I have every confidence in your skills and determination, comrades. Strike with vigour, and the world will fall before us!

(I find it helpful to plot out /assets and objectives for big scenarios on a map, so I’ve made one based on the information in the side briefing, and put it in this post. It doesn’t include everything, but it should give the broad brush-strokes of the relative force distributions.)


Planning staff have come up with a four-stage plan for the initial strike.

Stage 1 – heavy fighter sweep, looking for a fight, plus ELINT recce, looking for SAM sites.

The fighters will then RTB and reload as quickly as possible, while staff confirm final targeting. Then, at dawn, the main strike commences.

Stage 2 – SEAD strike, hoping to eliminate HAWK batteries along Jutland.
Stage 3 – airbase strike, primarily using Su-24s with heavy guided weapons.
Stage 4 – port strike, using Su-24s with lighter guided weapons.

After that there will be a fifth follow-up stage, using Floggers, Fitters, and other aircraft, to strike any targets which require further attention.

FIGHTER SWEEP – 0300Z to 0400Z

The operation begins at 0300Z with eighty percent of our heavy fighters (Su-27s and Su-30s) headed west; the most modern Su-30s head through Germany, while the older Su-27s head up through Sweden, where the opposition is likely to be lighter. A screen of MiG-23s follow behind in the center, ready to support where needed, and ELINT planes follow along discretely, listening for any SAM emissions.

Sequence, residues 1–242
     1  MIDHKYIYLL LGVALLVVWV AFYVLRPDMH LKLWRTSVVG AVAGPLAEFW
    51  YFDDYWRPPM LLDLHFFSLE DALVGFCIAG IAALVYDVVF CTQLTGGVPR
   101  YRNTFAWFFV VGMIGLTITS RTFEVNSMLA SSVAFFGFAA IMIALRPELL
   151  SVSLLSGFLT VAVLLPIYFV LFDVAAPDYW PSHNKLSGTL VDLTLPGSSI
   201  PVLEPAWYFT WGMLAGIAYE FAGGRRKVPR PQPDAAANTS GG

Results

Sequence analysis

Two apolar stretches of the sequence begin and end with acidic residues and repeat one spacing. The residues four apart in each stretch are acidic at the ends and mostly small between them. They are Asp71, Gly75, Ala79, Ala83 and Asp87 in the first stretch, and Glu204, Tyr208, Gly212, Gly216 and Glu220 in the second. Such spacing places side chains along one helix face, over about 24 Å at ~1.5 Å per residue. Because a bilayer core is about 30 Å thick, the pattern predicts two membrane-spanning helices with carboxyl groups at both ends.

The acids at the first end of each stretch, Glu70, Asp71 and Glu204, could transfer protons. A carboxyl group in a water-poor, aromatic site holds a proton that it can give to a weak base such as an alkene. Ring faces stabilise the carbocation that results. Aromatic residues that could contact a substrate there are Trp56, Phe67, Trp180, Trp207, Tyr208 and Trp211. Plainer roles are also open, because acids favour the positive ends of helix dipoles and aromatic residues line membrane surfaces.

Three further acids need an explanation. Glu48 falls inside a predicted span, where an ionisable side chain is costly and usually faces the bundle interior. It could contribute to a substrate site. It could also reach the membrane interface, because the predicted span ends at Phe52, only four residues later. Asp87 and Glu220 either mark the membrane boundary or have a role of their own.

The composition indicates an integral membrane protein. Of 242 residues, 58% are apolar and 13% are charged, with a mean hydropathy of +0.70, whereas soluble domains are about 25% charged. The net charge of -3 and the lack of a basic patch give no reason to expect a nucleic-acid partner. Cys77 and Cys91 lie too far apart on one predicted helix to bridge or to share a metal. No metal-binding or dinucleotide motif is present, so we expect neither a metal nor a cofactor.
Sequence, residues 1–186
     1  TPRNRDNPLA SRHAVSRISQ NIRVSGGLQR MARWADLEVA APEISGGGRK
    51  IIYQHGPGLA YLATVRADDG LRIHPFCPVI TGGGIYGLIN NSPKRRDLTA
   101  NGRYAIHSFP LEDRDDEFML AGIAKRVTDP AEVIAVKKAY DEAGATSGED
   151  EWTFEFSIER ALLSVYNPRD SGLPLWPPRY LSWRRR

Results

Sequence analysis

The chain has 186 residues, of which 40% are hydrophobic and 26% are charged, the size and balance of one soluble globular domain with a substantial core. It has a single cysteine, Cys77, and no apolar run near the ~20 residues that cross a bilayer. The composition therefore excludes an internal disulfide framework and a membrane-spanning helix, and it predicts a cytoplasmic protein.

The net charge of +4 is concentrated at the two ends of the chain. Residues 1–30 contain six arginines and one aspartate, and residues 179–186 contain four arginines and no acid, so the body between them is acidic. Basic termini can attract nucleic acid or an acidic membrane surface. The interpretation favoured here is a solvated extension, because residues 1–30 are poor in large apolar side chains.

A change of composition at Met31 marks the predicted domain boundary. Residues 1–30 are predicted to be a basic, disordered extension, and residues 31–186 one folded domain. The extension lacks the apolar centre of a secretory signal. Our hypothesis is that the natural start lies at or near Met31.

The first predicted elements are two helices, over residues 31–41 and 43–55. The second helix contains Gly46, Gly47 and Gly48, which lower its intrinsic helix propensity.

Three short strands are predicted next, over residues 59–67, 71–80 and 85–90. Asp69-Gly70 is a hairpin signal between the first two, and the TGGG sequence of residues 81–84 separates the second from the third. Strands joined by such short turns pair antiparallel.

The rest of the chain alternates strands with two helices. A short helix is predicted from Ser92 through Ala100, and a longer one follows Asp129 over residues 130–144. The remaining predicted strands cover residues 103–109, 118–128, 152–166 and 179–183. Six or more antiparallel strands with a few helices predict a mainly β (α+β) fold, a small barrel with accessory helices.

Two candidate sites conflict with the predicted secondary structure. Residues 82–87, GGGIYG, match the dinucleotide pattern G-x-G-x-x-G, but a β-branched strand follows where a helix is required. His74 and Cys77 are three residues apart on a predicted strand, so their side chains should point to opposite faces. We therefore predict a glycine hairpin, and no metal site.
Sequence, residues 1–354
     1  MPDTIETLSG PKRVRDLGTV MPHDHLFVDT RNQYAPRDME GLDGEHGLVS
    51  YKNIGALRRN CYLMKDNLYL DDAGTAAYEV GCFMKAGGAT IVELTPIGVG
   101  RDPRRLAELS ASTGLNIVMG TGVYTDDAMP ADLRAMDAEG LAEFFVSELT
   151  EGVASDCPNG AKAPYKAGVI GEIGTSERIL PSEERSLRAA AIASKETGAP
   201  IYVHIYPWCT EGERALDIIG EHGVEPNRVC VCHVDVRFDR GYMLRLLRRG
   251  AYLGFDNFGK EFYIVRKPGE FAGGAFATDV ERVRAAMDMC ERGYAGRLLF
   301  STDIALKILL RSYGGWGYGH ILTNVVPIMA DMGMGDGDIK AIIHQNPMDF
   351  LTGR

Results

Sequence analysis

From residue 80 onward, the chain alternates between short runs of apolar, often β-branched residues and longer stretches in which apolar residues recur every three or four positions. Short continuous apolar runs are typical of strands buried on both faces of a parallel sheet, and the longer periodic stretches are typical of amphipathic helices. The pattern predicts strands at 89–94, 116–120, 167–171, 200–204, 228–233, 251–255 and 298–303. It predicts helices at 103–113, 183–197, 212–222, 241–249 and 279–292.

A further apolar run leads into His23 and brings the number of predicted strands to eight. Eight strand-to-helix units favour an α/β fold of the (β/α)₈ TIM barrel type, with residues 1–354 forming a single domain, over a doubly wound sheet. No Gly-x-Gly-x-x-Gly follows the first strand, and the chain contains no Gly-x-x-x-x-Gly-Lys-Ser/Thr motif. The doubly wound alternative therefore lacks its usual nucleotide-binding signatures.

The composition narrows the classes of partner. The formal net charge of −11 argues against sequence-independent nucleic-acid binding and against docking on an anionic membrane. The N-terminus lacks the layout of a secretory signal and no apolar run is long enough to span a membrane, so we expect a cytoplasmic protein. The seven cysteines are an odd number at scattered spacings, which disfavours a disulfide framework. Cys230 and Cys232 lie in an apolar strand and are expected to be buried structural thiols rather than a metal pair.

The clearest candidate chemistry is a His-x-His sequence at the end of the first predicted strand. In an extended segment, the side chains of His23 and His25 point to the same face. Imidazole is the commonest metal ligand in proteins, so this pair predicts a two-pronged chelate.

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We soon pick up the radar emissions of NATO’s fighters: packs of F-16s all over, some F-4s down in the south, and even some old F-104s in the center. There’s no sign of the modern AMRAAM carrying F-16s that are supposedly based in Vandel, nor the F-15s down south in the Netherlands, but we do see a number of Tornadoes. Those, with their long-ranged missiles, are the biggest threat so far.

Our pilots head in, overflying Zealand, which seems to be free of SAM sites, and begin calmly engaging with the cold military-scientific objectivity befitting a Soviet fighter pilot. In the wild screaming melee which follows, the pilots try to remember their doctrine. Long-range shots only! Their extended-range AA-10-Cs and Ds (and even the As) give them a powerful range advantage over Sidewinders, and they are not to give in to the temptation to merge with the enemy. It works too, for the most part, and they start to get kill after kill on the lesser fighters, but no plan ever goes perfectly. Several of the pilots get careless, and have a chance to find out just how tough the big Sukhois are, when small Sidewinder warheads wreck engines, or tear chunks out of the tailfins.

Our ELINT planes still aren’t hearing any SAM radars on land, although the German frigate Niedersachsen announces itself by taking a couple of Sea-Sparrow shots into the passing cloud of planes. It’s not until our pilots press the fight over Jutland itself that the HAWKs show up. There’s two, one on either side of Vandel, then two more north and south of those, and another up on the tip of Jutland. Interestingly, Nordholz, down in the south, seems unprotected. Fortunately, the SAM gunners seem to be firing at extreme range, and none of the shots seriously threaten us.